SIOUX CITY, Iowa (KCAU) — A man who operated a farm supply company was sentenced for illegally distributing prescription drugs online.  

According to a release from the United States Attorney’s Office, Jon Stidham, 57, of McLelland was convicted of conspiracy to deliver, distribution of methyltestosterone through the internet without a valid prescription and without complying with federal and state licensing requirements, and one count of conspiracy to introduce misbranded drugs into interstate commerce with the intent to defraud or mislead and commit mail fraud.  

The release specified that methyltestosterone is a Schedule III controlled substance and Stidham admitted that to operating Kennel Supply, LLC. The company was stated to provide necessary items used for kennels and caring for farm animals at a brick-and-mortar location.  

Kennel Supply sold items online including controlled substances and non-controlled drugs that required prescriptions to lawfully be sold to the user, according to the release.  

“To protect the wellbeing of animals, the FDA regulates animal drugs as part of its mission to protect the public health,” said Special Agent in Charge Charles Grinstead of the FDA Office of Criminal Investigations in Kansas City, “This ensures that prescription animal drugs are lawfully distributed and dispensed pursuant to a valid prescription, among other requirements. We will continue to investigate and bring justice to those who attempt to evade the law.”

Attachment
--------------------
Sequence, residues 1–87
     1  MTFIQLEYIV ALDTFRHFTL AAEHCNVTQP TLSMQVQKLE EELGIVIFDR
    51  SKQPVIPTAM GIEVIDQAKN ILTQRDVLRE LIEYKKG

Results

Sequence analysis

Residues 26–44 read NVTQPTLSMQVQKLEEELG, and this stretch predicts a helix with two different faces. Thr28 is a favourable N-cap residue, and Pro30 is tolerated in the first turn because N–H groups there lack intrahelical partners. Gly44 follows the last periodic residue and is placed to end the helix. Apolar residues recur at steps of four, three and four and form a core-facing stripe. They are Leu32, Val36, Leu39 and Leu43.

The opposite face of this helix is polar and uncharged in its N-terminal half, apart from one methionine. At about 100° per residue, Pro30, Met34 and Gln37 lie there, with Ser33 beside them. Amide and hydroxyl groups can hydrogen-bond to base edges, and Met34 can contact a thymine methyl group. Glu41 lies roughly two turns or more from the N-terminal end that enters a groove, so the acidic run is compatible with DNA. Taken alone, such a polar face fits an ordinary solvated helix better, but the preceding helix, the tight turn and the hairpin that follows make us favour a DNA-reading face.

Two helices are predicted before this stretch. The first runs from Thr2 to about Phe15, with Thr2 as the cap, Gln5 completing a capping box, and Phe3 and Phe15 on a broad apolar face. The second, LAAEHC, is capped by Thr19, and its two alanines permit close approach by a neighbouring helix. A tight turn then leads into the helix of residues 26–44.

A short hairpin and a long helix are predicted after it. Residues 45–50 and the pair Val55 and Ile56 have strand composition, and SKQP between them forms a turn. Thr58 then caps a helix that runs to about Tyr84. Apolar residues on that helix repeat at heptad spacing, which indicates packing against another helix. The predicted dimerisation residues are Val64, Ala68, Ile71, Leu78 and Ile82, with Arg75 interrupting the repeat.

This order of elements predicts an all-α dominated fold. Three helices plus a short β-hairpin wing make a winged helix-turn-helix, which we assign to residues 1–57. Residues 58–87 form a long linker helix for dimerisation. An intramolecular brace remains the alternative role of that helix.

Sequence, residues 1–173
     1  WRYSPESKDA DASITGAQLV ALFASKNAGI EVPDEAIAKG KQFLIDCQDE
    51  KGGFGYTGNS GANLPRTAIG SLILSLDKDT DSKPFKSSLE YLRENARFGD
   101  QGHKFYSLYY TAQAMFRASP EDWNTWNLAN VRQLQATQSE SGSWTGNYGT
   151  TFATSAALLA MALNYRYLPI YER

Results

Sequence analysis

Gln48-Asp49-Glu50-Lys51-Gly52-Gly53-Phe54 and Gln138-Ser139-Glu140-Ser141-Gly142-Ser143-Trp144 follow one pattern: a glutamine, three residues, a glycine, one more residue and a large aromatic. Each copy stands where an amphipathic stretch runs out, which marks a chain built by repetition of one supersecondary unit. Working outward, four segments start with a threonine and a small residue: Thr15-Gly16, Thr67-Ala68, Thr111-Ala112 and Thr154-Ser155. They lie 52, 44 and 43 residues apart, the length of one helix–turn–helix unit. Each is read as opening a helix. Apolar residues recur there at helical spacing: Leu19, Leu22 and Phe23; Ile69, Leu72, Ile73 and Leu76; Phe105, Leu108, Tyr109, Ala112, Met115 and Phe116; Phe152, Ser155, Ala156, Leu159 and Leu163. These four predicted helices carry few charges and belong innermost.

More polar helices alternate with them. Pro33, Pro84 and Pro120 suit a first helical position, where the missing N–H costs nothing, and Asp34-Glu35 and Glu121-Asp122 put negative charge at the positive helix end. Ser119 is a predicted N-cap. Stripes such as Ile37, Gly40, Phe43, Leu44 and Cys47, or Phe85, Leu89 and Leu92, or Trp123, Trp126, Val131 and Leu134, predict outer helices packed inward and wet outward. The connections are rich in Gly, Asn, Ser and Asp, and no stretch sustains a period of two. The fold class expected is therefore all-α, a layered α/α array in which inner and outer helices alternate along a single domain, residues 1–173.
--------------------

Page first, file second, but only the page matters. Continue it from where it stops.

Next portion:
2015 through October 12, 2018, Stidham sold more than 300,000 doses of methyltestosterone with any valid prescriptions leading to a profit of $324,303. Within that time, he also illegally distributed more than 50 types of misbranded drugs without authorization, leading to profits of $203,207.  

“The laws regarding the labeling and dispensing of controlled substances and prescription drugs exist to protect the health and safety of our community,” said U.S. Attorney Timothy Duax, “When those laws are violated, it endangers those who come into contact with the unprescribed or mislabeled substances. Accordingly, when individuals like Mr. Stidham try to profit by ignoring or violating controlled substance and prescription laws, they will be vigorously prosecuted, and the proceeds of their illegal activities will be seized.”  

Stidham was sentenced to 15 months in prison with a three-year term of supervised release following the prison term. The release stated that he also received a fine of $7,500 and was ordered to surrender $527,510 of the money he made from the illegal transactions.  

Stidham had been released on bond that was previously set and he must surrender to the Bureau of Prisons on a date that has yet to be determined.